German parliament to investigate government's role in 'Dieselgate' scandal

Tesla readies updated 'secret masterplan'

Tesla fatal crash is setback to autonomous cars

SOLAR DAILY
New ferromagnetic superconductors

Bangladesh coal plant threatens World Heritage mangrove: petition

3-D paper-based microbial fuel cell operating under continuous flow condition

Building a better battery

SOLAR DAILY
Russian floating nuclear power station undergoes mooring tests

Russia's REMIX Innovative Nuclear Fuel Enters First Field Trials

Reactor fuels Russia bid for post-Fukushima atomic lead

Germany may wait 100 years for nuclear waste storage site

SOLAR DAILY
Sweden's 100 percent carbon-free emissions challenge

Norway MPs vote to go carbon neutral by 2030

Algorithm could help detect and reduce power grid faults

It pays to increase energy consumption

SOLAR DAILY
Understanding forest fire history can help keep forests healthy

Watching a forest breathe

NASA Maps California Drought Effects on Sierra Trees

Where do rubber trees get their rubber




Memory Foam Mattress Review
Newsletters :: SpaceDaily :: SpaceWar :: TerraDaily :: Energy Daily
XML Feeds :: Space News :: Earth News :: War News :: Solar Energy News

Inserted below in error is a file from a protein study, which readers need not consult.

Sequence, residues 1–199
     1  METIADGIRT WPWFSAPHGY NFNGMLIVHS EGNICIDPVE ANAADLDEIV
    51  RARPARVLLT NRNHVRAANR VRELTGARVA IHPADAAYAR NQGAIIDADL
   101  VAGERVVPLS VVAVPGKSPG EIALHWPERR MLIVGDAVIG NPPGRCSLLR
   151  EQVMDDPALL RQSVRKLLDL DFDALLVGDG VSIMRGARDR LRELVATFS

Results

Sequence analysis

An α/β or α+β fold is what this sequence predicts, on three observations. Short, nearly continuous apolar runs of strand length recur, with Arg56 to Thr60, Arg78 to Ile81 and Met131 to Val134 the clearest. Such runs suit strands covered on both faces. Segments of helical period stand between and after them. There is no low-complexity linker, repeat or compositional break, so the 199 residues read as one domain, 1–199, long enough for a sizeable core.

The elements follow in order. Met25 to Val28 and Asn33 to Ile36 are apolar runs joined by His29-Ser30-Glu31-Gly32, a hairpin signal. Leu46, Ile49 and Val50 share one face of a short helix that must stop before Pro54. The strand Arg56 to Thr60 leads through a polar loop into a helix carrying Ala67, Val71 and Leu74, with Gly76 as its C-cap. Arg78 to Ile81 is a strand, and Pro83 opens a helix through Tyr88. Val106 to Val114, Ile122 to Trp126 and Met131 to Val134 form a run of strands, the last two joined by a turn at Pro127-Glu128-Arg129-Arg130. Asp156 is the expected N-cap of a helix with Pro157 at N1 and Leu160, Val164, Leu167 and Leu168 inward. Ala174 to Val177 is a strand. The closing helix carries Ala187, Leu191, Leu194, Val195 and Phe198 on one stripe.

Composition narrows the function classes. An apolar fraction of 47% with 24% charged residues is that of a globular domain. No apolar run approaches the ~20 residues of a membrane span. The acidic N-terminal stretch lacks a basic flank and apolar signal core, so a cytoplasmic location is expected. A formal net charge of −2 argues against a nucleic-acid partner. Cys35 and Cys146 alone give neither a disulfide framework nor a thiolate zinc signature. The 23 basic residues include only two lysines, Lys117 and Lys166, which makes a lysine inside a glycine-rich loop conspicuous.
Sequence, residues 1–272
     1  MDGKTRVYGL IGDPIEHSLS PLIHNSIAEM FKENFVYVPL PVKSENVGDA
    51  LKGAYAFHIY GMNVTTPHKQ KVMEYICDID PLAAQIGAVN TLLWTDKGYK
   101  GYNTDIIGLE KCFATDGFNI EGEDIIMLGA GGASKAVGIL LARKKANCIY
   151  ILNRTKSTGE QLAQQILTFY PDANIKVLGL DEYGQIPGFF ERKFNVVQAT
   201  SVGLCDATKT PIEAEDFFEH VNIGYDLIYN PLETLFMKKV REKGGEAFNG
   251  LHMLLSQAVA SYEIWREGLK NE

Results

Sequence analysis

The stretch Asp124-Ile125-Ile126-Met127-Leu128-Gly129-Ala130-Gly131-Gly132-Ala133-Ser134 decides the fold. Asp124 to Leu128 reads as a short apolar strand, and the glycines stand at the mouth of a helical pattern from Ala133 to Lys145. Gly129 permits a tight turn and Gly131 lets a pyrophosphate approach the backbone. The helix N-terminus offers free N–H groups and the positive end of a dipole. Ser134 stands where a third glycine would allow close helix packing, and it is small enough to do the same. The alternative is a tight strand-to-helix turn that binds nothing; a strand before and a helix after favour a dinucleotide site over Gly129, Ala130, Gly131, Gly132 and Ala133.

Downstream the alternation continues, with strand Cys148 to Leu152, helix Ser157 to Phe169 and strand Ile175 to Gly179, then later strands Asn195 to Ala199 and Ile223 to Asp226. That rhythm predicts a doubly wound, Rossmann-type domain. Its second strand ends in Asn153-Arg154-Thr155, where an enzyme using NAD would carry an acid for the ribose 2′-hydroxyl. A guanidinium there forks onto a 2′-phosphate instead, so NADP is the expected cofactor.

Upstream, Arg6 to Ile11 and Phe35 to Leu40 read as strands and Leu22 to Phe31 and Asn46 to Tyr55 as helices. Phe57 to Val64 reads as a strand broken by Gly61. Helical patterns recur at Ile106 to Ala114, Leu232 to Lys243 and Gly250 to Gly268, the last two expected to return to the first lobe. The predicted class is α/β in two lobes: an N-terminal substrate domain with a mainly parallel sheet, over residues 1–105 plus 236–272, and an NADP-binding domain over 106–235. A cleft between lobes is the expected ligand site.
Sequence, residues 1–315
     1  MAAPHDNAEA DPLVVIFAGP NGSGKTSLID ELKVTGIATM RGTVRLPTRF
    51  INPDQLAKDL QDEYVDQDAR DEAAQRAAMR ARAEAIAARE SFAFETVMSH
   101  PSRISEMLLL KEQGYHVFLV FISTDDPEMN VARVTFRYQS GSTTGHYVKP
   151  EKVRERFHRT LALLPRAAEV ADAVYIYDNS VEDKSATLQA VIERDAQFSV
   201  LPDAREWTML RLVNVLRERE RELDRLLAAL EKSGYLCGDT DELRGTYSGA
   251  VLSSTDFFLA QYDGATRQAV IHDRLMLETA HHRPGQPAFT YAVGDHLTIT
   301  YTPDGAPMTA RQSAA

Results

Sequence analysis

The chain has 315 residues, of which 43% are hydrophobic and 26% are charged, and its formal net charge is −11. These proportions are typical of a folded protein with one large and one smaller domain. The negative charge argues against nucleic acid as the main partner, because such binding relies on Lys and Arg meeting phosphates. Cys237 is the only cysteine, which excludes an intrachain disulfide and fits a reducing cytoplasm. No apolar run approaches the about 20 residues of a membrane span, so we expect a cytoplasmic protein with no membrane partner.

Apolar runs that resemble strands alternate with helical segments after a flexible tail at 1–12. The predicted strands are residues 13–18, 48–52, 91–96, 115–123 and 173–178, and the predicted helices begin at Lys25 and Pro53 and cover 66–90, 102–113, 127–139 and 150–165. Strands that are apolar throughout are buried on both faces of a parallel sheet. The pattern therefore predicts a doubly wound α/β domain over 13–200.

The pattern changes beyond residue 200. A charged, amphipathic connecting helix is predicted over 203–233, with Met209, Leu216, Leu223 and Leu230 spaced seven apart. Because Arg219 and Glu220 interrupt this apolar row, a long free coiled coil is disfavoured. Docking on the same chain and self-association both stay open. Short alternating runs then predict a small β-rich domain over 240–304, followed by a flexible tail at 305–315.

The content herein, unless otherwise known to be public domain, are Copyright 1995-2017 - Space Media Network. All websites are published in Australia and are solely subject to Australian law and governed by Fair Use principals for news reporting and research purposes. AFP, UPI and IANS news wire stories are copyright Agence France-Presse, United Press International and Indo-Asia News Service. ESA news reports are copyright European Space Agency. All NASA sourced material is public domain. Additional copyrights may apply in whole or part to other bona fide parties. All articles labeled "by Staff Writers" include reports supplied to Space Media Network by industry news wires, PR agencies, corporate press officers and the like. Such articles are individually curated and edited by Space Media Network staff on the basis of the report's information value to our industry and professional readership. Advertising does not imply endorsement, agreement or approval of any opinions, statements or information provided by Space Media Network on any Web page published or hosted by Space Media Network. Privacy Statement